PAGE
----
In Richard Zimler’s The Lost Gospel of Lazarus, Jesus – in this novel known as Yeshua – is a Jewish mystic who is presented as a bringer of revolution. He seeks to lift up the oppressed peoples in Roman Jerusalem through social uprising.
Richard tells us that presenting Jesus this way is not new; in fact, in the bible Jesus frequently defied power structures. For example, when he casts out the merchants from the temple in Matthew 21:12–13.
“And Jesus went into the temple of God, and cast out all them that sold and bought in the temple, and overthrew the tables of the money changers, and the seats of them that sold doves, And said unto them, It is written, My house shall be called the house of prayer; but ye have made it a den of thieves.”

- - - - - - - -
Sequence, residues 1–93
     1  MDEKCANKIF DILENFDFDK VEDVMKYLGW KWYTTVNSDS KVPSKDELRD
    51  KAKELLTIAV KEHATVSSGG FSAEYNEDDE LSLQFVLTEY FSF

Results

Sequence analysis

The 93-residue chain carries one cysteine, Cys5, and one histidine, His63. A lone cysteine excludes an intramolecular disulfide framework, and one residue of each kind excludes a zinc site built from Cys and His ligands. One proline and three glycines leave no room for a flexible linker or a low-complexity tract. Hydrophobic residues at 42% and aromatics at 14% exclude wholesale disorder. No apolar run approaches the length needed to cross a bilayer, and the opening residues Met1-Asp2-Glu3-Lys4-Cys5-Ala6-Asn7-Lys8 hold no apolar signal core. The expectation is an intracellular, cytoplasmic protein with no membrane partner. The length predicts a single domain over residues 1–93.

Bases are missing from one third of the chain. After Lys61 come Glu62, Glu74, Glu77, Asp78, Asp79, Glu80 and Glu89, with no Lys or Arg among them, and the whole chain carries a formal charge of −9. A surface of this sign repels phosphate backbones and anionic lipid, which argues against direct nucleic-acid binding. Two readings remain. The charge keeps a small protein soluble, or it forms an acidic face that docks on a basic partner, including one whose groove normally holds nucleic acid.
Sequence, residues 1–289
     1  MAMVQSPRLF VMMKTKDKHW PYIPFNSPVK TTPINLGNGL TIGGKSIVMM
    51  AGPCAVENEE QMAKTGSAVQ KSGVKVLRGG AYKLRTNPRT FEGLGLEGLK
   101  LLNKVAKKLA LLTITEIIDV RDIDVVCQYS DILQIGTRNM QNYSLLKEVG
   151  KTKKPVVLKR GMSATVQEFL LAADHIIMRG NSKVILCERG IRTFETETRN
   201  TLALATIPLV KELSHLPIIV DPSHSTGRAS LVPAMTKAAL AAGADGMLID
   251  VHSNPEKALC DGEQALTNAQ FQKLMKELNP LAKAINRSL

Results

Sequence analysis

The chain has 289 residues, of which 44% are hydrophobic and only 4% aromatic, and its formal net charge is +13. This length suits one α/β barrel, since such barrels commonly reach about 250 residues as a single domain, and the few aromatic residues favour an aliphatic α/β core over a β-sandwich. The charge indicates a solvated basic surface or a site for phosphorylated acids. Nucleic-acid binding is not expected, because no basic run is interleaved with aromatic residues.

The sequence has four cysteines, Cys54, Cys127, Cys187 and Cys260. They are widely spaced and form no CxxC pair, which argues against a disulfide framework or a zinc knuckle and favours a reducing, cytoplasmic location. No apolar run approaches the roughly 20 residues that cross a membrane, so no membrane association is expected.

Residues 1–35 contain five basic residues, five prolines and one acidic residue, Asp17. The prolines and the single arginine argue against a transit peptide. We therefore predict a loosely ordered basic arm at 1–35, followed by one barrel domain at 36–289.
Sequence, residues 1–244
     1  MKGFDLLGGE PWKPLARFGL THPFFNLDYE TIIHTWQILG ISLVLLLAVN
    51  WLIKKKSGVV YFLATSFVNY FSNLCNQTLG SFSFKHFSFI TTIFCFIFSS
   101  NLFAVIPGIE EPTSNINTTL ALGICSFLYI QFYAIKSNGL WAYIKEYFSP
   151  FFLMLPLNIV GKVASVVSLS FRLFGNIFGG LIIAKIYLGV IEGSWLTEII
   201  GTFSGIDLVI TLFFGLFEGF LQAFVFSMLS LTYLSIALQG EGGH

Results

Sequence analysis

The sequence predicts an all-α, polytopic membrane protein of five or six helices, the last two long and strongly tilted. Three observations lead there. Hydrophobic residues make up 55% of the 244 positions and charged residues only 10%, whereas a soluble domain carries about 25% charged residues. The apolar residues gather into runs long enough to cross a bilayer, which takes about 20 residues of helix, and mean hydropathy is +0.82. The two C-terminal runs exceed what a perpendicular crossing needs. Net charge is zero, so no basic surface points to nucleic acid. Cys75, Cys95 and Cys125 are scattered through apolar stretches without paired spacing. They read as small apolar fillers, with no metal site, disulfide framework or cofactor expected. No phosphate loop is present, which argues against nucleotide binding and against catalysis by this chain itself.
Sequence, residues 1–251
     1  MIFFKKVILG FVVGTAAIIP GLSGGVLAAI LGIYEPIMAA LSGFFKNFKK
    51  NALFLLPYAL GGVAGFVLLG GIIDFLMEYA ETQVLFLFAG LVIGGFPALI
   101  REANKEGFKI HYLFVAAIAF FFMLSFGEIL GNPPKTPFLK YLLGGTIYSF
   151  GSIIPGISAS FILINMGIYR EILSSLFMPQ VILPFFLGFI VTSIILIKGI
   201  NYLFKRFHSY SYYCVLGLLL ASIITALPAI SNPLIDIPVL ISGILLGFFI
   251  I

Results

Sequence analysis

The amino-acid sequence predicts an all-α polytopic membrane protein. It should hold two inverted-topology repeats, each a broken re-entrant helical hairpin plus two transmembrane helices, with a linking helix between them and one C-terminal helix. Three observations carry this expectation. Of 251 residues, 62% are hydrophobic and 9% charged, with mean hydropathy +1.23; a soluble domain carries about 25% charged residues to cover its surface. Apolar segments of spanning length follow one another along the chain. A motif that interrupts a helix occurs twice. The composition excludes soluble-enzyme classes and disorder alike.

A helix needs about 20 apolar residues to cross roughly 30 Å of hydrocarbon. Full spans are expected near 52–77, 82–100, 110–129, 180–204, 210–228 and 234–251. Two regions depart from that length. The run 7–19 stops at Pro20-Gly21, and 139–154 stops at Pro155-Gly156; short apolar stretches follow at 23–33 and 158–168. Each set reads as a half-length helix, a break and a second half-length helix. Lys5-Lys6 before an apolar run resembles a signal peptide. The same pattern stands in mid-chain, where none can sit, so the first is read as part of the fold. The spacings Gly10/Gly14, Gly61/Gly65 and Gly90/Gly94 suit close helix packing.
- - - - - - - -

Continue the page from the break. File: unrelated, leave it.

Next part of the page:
However, Yeshua’s position as a revolutionary is just as important as his spiritual leadership. In The Lost Gospel of Lazarus, Yeshua is presented as having a unique relationship with Jewish faith and the ‘Palace of the Lord’. It’s these two parts of him that makes Yeshua a special and captivating figure, and also what got him into trouble in the end.
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